The company aims to cut US$2 billion in borrowings through a proposed restructuring plan, which needs court approval, it said. Philippine Airlines will also get $505 million in equity and debt financing from its majority shareholder, as well as $150 million of debt financing from new investors.
The carrier said it has support agreements from 90% of its lenders.
The restructuring plan will allow the carrier to reduce its fleet capacity by 25%, it said.
The "recovery plan” will allow the airline to return at least 20 aircraft, the company’s management said in response to a Bloomberg News query. Philippine Airlines also cut 35% of its workforce early this year.
Chapter 11 lets a company continue to operate while it restructures. The filing on Friday (Sept 3) comes after the airline spent months negotiating with its stakeholders.
Billionaire owner Lucio Tan called the filing a "major breakthrough” for the carrier. The carrier will also complete a parallel filing for recognition in the Philippines under the insolvency and rehability law, it said in a statement.
The restructuring plan allows the airline "to overcome the unprecedented impact of the global pandemic that has significantly disrupted businesses in all sectors, especially aviation, and emerge stronger for the long-term,” Tan, who’s the chairman and chief executive officer, said in a statement.
While an end to lockdowns eased the strain on travel at the start of the summer season in the Northern Hemisphere, the delta variant of Covid-19 has recently begun hurting many airlines, especially in the US and China. Tan has said previously that the airline, which was founded in 1941, was working on a comprehensive restructuring plan.
Philippine Airlines is the latest international carrier to reorganize in the United States, under US bankruptcy code. By using Chapter 11, the company will subject its reorganization plan to the final decision of a US judge.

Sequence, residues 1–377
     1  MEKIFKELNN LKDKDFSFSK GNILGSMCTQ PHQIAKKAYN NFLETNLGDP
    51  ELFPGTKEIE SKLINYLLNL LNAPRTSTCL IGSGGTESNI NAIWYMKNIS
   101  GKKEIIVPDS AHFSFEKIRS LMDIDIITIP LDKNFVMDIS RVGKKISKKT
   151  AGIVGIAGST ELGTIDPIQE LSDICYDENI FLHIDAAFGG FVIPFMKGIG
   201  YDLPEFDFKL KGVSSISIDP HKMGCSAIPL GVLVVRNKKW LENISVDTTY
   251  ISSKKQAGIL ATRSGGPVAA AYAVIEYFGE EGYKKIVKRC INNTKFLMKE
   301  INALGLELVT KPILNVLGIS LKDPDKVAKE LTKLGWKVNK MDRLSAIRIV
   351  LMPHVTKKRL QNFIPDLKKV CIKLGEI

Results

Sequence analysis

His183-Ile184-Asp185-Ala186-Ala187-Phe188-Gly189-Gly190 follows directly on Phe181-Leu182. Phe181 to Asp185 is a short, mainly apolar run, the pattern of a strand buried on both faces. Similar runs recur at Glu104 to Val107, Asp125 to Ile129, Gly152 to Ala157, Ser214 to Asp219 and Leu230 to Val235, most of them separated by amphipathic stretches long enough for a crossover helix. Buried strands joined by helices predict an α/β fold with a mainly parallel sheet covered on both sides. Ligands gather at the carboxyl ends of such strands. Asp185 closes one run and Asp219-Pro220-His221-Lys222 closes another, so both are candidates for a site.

Bankruptcy experts say the US is often the preferred venue, in part because the law in America is more favorable to a company, and partly because creditor contracts are often based on state law in New York or Delaware. Latam Airlines, based in Chile, Aeromexico and Colombia’s Avianca Holdings all sought court protection in New York last year, blaming the drop in air travel caused by the coronavirus.
The pandemic has forced airlines to suspend flights, lay off employees and seek financial help. In June, PT Garuda Indonesia’s president said the carrier was considering options including restructuring debt and renegotiating contracts with aircraft lessors.
The challenges for PAL Holdings Inc., the holding company of Philippine Airlines, predate the pandemic. It has reported losses since the first quarter of 2017. The company suffered a record 71.8 billion pesos (US$1.4 billion) loss in 2020, compared with a 10.3 billion peso shortfall the year before. Shares of PAL Holdings have declined 7.6% this year, extending a 17% fall in 2020.
"After the restructuring, PAL Holdings will still be the major shareholder of PAL,” the management told Bloomberg News. "PAL Holdings is not filing and its status and shareholders will remain the same.”
The airline will continue to operate its passenger and cargo flights based on demand and travel restrictions. The company also said it expects to gradually add domestic and international flights as the market recovers, it said in the statement.
The company also received government support for being a partner of the state in the pandemic response, it said.
The case is Philippine Airlines Inc., 21-11569, US Bankruptcy Court for the Southern District of New York (Manhattan). - Bloomberg